Today TaxMama hears from Tarquin in New Orleans, with this problem. “I inherited a coin collection. The estimated basis I got was $70,000. But the collection sold for $90,000 a few months later. I calculate that I now owe $5,600 in capital gains taxes. But I know that coin prices have been falling. Therefore, the estimated basis is wrong. Can I revise my paperwork to correct the error, or am I stuck paying 28% capital gains tax on every dollar the estimate was low?”
In a nutshell, you have three choices on the dates you can use to value the coin collection.
1) Date of death.
2) 6 months from the date of death (the alternate valuation date)
3) Or the date the collection was sold, if it was less than 6 months (another alternate valuation date).
Note: to use the alternate valuation date, you have to use the value at that date for all the assets of the estate AND the value of the estate is less that it was at date of death. http://www.irs.gov/pub/irs-pdf/i706.pdf
With that being said, I don’t understand why you want to report a lower value for basis (tax cost) the coin collection? The lower the basis, the higher your capital gains will be. After all, the selling price doesn’t change. You still sold it for that $90,000.
Be grateful you got an $84,400 gift – that was so easy to turn into cash.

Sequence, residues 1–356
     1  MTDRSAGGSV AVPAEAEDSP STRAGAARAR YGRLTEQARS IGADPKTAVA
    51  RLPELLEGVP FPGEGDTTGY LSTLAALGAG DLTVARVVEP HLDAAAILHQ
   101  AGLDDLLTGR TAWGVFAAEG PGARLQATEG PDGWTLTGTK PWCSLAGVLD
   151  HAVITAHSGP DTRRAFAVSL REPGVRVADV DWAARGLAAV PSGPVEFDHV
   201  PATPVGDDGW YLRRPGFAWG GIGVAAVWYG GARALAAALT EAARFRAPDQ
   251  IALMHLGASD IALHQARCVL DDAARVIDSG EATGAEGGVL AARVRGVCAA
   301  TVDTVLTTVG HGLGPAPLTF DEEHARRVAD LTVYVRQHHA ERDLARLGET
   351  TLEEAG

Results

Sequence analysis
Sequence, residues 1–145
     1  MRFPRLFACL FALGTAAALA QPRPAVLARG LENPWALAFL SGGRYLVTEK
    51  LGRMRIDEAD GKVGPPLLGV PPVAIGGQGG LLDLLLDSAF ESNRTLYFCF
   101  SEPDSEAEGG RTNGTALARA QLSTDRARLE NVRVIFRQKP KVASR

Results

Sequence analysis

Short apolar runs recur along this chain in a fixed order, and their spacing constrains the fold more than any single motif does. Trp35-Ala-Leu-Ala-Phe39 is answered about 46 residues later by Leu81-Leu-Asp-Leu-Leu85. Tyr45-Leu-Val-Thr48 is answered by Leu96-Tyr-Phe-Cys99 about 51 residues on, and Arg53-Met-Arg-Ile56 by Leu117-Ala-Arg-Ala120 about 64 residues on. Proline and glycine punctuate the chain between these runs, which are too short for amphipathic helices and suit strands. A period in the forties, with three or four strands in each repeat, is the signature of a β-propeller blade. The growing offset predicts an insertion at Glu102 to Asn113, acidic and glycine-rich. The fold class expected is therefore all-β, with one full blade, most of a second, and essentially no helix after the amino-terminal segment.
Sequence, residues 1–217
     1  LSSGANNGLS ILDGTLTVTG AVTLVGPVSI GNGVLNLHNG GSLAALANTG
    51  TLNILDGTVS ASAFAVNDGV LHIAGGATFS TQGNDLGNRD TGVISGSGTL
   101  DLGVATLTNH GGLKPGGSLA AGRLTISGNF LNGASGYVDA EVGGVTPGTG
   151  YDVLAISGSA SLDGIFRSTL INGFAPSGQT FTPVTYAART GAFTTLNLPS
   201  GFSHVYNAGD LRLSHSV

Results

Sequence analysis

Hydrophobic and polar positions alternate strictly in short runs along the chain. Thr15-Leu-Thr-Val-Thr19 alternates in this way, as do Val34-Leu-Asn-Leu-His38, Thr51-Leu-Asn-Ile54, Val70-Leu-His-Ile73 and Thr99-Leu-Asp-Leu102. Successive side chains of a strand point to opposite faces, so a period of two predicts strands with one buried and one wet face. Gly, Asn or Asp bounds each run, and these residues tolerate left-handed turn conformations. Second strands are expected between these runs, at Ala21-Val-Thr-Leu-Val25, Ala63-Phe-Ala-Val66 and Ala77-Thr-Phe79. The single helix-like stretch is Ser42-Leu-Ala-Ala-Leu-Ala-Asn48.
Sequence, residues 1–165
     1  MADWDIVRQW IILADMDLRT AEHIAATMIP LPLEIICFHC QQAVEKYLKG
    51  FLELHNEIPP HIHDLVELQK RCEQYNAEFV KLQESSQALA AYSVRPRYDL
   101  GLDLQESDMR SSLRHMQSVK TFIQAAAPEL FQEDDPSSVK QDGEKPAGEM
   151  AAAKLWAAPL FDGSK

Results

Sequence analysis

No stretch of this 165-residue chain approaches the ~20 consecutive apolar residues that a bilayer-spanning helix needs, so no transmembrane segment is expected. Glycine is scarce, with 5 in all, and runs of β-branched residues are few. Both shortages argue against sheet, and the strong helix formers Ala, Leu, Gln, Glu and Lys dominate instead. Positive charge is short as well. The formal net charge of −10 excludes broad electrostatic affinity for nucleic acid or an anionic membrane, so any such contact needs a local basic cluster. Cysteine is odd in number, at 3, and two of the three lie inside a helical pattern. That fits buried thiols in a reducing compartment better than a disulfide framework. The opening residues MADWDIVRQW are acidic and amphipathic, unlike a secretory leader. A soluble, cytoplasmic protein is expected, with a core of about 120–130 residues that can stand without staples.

Of course, if you want to invest some more money, you could always get a written, professional appraisal of the coin collection that jives more closely with the sale price. After all, if you could sell it for $90,000 only a few months later, wouldn’t it have been worth close to $90,000 at the date of death? If you do this, and the estate return has been filed, you may need to amend the estate return. Which could open it up to audit.
And remember, you can find answers to all kinds of questions about inheritances and other tax issues, free. Where? Where else? At TaxMama.com[Note: If you were subscribed to the e-mailed TaxQuips, you’d be getting other exciting news and tips by e-mail, that never appear on the site. Please click on the subscribe link and join us.]
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- IRS Form 706 – Instructions :: The Estate Tax Return